Like the author of last week’s column, I too am frustrated with the political realm and the choices we face for presidential candidates. Unlike the author, I decided weeks ago to avoid watching the many regional and statewide appearances of the remaining competitors, especially given the hate-filled vitriol that permeates the press and televised proceedings.
I finally decided to allow my moral compass, forged by my faith and life experience, and the law in the guise of the U.S. Constitution, to guide my decision.
As a Christian I agree with the author that the life of the unborn child is priceless.
But also as a Christian, I abide by and respect the law of the land (Matthew 22:21-22).
Does the Constitution force a belief in any one religion? No. The first amendment states “Congress shall make no law respecting an establishment of religion, or prohibiting the free exercise thereof.” Is there an intrinsic need to change this for a better and safer society? Not in my opinion. Freedom of and from religion is a key pillar of our society and the republic.
Does the Constitution allow citizens to carry a weapon? Yes. The second amendment, states “A well regulated Militia, being necessary to the security of a free State, the right of the people to keep and bear Arms, shall not be infringed.” Is there an intrinsic need to change this for a better and safer society? Personally, I believe there is room here for improvement. What is a “well regulated militia” in today’s society? Do we need greater controls on the flow of AK-47s, or armed drones like the father-son duo built for fun per recent news accounts?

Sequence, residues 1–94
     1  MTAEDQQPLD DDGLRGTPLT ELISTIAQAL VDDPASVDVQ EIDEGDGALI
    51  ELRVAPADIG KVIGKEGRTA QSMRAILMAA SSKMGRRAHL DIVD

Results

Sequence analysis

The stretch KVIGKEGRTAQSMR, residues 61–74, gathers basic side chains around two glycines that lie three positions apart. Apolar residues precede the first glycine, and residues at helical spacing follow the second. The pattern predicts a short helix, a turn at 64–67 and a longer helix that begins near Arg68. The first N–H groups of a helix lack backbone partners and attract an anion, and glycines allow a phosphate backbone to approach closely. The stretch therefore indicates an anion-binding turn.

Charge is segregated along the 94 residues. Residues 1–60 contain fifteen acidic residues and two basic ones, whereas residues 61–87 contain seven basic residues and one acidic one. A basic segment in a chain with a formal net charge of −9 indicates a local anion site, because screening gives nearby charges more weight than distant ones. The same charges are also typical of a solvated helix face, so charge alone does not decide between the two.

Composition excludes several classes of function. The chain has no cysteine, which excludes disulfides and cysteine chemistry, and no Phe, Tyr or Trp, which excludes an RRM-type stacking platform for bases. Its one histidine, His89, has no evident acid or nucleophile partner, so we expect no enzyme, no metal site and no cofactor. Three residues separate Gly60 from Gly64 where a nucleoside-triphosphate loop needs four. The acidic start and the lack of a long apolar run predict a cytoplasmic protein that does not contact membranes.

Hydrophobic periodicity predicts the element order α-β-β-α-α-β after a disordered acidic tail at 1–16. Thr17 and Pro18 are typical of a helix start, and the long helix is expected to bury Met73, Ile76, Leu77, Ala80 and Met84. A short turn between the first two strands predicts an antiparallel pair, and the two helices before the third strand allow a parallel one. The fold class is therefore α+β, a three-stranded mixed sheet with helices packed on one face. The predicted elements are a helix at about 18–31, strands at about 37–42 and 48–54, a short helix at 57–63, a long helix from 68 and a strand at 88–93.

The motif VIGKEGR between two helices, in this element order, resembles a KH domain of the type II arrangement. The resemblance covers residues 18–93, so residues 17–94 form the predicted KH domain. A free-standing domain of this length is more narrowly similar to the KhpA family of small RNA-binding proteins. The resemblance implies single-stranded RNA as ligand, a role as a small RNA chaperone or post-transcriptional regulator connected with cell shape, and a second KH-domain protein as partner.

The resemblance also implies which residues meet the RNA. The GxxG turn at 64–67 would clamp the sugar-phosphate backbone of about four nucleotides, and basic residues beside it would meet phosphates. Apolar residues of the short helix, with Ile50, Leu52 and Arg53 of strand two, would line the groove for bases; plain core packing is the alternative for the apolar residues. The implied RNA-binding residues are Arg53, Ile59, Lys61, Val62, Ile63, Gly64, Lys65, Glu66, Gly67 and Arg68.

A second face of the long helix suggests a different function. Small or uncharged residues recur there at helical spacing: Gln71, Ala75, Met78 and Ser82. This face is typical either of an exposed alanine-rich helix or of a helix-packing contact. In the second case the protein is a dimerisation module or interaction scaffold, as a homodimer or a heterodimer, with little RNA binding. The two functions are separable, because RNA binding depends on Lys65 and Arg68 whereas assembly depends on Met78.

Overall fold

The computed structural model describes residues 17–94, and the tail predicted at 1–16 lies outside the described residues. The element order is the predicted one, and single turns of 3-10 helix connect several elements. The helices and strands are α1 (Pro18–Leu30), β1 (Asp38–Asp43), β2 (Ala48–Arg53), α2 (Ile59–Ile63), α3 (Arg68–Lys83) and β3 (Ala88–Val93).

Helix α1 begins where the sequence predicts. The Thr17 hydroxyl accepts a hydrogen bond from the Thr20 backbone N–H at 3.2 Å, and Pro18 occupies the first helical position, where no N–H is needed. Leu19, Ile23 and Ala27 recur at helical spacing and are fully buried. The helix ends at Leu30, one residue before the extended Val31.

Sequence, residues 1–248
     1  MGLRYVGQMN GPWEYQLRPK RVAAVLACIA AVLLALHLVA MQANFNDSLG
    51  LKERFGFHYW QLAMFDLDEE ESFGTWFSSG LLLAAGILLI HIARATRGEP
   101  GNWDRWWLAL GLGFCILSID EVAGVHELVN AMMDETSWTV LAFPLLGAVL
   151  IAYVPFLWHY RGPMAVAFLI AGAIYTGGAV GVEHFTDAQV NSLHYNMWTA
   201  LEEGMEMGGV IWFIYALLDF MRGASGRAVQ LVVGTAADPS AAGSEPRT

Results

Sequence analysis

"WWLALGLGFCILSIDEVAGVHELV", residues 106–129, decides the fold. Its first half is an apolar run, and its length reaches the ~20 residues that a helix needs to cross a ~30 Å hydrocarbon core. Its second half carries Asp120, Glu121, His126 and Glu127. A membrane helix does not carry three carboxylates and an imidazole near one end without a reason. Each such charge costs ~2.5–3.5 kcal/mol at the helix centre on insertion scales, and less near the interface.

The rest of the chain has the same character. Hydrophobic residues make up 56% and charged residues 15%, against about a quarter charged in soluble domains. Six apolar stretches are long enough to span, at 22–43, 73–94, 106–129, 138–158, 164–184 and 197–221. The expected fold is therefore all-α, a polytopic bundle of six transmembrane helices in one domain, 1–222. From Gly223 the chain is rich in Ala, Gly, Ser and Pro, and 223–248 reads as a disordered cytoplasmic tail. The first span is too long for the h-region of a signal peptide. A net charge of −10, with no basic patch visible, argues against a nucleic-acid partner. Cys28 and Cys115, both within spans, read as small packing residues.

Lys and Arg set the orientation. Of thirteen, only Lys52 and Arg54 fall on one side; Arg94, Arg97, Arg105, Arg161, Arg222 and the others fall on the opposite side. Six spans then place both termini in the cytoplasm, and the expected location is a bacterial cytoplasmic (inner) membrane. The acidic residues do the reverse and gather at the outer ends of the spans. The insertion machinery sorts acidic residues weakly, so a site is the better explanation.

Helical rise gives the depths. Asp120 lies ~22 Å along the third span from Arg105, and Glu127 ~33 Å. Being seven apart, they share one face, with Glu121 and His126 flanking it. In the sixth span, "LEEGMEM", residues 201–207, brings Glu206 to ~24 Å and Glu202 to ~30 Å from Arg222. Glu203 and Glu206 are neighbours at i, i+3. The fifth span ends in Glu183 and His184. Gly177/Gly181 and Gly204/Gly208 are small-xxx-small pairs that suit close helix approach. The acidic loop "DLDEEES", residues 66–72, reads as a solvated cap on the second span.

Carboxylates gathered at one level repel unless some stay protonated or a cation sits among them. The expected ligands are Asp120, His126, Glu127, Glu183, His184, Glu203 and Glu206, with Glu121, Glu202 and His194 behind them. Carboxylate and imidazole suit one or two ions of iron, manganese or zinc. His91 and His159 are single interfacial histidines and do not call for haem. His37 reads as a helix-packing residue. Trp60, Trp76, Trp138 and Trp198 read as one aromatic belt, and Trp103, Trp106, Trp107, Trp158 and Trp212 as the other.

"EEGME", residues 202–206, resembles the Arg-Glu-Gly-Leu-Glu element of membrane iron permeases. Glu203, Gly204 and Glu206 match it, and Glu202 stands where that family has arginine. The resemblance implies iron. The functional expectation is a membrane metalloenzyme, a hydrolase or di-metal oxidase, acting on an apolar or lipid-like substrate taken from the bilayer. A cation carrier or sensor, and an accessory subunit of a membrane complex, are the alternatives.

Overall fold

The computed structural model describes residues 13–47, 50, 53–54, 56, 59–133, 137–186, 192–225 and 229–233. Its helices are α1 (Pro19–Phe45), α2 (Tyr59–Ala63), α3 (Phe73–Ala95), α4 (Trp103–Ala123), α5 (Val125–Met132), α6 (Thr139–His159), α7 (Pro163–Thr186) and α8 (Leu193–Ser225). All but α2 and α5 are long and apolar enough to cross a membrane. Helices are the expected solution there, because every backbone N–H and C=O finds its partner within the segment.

How much control should the federal government have over the lives of “the people?” Article 10, states “The powers not delegated to the United States by the Constitution, nor prohibited by it to the States, are reserved to the States respectively, or to the people.” This begs the question where to place the line for a free and just society, a point much in contention. And this is where the power of the ballot box comes into play.
So which is the “party of no, no, no?” Is it the one that strives to strike the ideal balance between absolute freedom and managed control for the betterment of its citizens? Or is it the one whose persistent refusal to negotiate effectively shut down its government for the last seven years and ultimately boxed itself into a corner with a gargoyle?
O’ for the days of Reagan and O’Neill, who feared not communication or the art of the deal.